Feline enteric coronavirus and feline infectious peritonitis virus – a Dr. Jekyll and Mr. Hyde story

In light of the COVID-19 pandemic, learn how research on feline infectious peritonitis virus could help fight coronavirus infections in people.

As the COVID-19 pandemic rages on, researchers and governments, as well as news organizations, are paying much more attention to coronaviruses and the diseases they cause. This increased attention COVID-19 has brought places a spotlight on feline infectious peritonitis (FIP), a disease veterinarians have been battling for decades. The benign feline coronavirus that turns into the monstrous feline infectious peritonitis virus is a true Jekyll/Hyde story. Despite decades of research, the prognosis is dismal for cats afflicted by FIP. Although the prognosis for affected cats remains grave, new research might change the course of this disease – and help people affected by coronavirus infections, as well.

Feline coronaviruses have a worldwide distribution and affect both domestic and wild cats. Most cats are exposed to feline enteric coronavirus (FECV) and infected at some time in their life. FECV is highly contagious and transmitted easily through saliva or feces. Very few cats show any symptoms and most recover uneventfully without requiring veterinary care.

After years of speculation, it is now clear that FECV can randomly mutate to feline infectious peritonitis virus. While it’s estimated that only 5% to 10% of infected cats develop feline infectious peritonitis, it is 100% fatal. Feline infectious peritonitis is most common in cats under three years of age, with more than 50% of cases in cats under one year of age. A second spike in cases has been noted in  cats over 10 years of age.

At highest risk are cats that live in close proximity to each other, such as cats that live in shelters, where FIP is five to 10 times more prevalent. Certain breeds of cats are predisposed. Although the exact mechanisms underlying genetic susceptibility to the disease are unknown, they are suspected given breed incidence and evidence that siblings of cats that succumb to FIP may be at increased risk for the same disease, even if living apart.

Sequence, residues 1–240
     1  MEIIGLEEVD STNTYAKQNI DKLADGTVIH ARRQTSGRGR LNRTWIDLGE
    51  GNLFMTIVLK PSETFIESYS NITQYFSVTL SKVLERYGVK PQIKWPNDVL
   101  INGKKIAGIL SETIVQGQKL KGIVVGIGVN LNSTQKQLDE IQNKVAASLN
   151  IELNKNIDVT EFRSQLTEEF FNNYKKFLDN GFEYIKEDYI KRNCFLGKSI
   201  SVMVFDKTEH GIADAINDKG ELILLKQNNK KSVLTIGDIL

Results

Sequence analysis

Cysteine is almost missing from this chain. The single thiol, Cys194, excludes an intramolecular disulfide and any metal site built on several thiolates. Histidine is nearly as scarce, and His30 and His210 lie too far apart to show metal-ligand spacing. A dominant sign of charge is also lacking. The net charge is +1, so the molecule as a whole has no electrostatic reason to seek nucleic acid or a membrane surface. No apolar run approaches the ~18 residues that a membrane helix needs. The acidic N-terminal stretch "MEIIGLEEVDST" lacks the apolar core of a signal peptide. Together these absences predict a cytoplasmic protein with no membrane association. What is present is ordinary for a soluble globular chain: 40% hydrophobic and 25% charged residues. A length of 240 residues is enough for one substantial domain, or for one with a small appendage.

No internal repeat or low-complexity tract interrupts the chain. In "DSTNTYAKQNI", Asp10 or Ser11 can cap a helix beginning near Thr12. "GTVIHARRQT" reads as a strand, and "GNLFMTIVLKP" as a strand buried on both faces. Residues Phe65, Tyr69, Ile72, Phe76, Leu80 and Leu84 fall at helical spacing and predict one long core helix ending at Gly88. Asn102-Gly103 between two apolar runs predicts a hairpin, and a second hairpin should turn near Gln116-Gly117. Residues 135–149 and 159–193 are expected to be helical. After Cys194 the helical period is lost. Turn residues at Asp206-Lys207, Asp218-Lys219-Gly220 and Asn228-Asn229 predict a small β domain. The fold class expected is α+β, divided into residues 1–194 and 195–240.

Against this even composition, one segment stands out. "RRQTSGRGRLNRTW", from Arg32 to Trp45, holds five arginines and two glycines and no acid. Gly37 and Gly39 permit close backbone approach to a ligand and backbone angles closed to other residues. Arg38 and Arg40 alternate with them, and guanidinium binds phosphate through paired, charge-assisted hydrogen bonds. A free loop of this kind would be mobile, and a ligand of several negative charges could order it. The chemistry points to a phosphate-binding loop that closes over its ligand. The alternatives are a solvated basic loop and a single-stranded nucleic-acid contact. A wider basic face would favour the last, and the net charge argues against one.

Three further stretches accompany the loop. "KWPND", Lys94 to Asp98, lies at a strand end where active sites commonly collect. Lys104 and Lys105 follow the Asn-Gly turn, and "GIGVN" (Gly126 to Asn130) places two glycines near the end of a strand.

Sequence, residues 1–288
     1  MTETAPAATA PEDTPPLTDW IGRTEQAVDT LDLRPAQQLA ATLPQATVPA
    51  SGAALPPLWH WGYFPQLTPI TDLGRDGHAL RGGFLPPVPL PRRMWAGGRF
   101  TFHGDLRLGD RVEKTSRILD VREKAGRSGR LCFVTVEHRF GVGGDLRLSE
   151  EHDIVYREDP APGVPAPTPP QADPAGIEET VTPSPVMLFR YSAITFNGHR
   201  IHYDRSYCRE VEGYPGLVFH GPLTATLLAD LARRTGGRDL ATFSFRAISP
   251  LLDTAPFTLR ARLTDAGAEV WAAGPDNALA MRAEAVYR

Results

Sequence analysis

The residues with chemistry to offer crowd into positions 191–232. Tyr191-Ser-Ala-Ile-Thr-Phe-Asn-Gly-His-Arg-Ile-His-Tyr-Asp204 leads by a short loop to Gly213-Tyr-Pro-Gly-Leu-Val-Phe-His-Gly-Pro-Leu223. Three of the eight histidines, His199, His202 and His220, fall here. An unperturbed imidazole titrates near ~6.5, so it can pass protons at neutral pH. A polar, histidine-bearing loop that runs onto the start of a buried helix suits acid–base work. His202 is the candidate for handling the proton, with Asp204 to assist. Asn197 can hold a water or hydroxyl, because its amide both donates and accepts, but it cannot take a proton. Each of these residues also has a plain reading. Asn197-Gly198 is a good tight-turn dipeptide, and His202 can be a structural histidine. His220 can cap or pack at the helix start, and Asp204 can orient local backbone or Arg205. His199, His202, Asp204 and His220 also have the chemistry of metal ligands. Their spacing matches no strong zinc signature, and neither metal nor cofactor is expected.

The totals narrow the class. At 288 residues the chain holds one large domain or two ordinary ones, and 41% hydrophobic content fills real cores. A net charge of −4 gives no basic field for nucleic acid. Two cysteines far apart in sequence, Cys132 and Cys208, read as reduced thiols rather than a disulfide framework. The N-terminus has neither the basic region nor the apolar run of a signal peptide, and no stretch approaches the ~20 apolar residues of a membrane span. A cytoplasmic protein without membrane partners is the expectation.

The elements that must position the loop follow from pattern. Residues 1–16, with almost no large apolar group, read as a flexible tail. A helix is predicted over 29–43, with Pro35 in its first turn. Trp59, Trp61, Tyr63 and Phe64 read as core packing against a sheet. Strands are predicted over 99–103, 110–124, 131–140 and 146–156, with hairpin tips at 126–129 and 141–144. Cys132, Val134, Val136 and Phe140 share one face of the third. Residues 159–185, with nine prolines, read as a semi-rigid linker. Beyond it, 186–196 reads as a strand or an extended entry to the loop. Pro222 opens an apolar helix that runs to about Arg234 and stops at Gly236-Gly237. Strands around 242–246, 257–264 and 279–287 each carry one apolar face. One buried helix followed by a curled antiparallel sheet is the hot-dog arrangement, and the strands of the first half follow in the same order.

FIP is difficult to diagnose, and effective treatments currently are not available. However, two newly funded studies underway at Colorado State University, hope to change that paradigm.

Under the leadership of Dr. Gregg Dean, Professor and Head of the Department of Microbiology, Immunology and Pathology in CSU’s College of Veterinary Medicine and Biomedical Sciences, a research team is constructing an oral vaccine for feline enteric coronavirus. If successful, the vaccine will control pervasive FECV infection in shelters and other multi-cat environments, while also protecting individual cats against FIP.

“For years, we have tried, unsuccessfully, to vaccinate against feline infectious peritonitis, but we may have been targeting the wrong point in time,” said Dr. Dean. “Our strategy now is to eliminate FECV, the mild-mannered Dr. Jekyll form, if you will, before it can become the deadly Mr. Hyde.”

The team’s vaccine design will exploit the bacteria Lactobacillus acidophilus, familiar to most as a probiotic and inhabitant of the gastrointestinal tract. The vaccine uses specific FECV antigens to generate protective antibodies against infection by FECV.

The vaccine is designed to be given orally, rather than injected, for several reasons. Oral vaccines are preferred by cats and their owners. Oral vaccination avoids the risk of injection site sarcoma. And, since exposure occurs at the mucosal surface of the intestinal tract, an oral vaccine would hopefully stimulate a more vigorous response at the point of infection, as opposed to an injectable vaccine that might be ineffective at stimulating an adequate mucosal immune response.

Dr. Dean’s team also is tackling another elusive goal – developing an accurate diagnostic test for feline infectious peritonitis. The test would use a blood sample to look for biomarkers consistent with disease. His team has identified 18 proteins, among thousands, that appear to be common in cats with the disease. The researchers aim is to evaluate the proteins as markers for FIP and determine which ones can be detected easily and developed into a diagnostic test.

A final exciting development is that Dr. Dean’s work on a feline coronavirus vaccine has the potential to inform work on a vaccine for the current coronavirus pandemic. The research team has now focused their attention – and their expertise – on SARS-CoV-2.

“Our work on a feline coronavirus vaccine has allowed us to quickly engage in work to assess the same approach against SARS-CoV-2,” said Dr. Dean. “I strongly believe the lessons learned over years of work by many investigators to develop a vaccine for cats can be directly applied to the current pandemic.”

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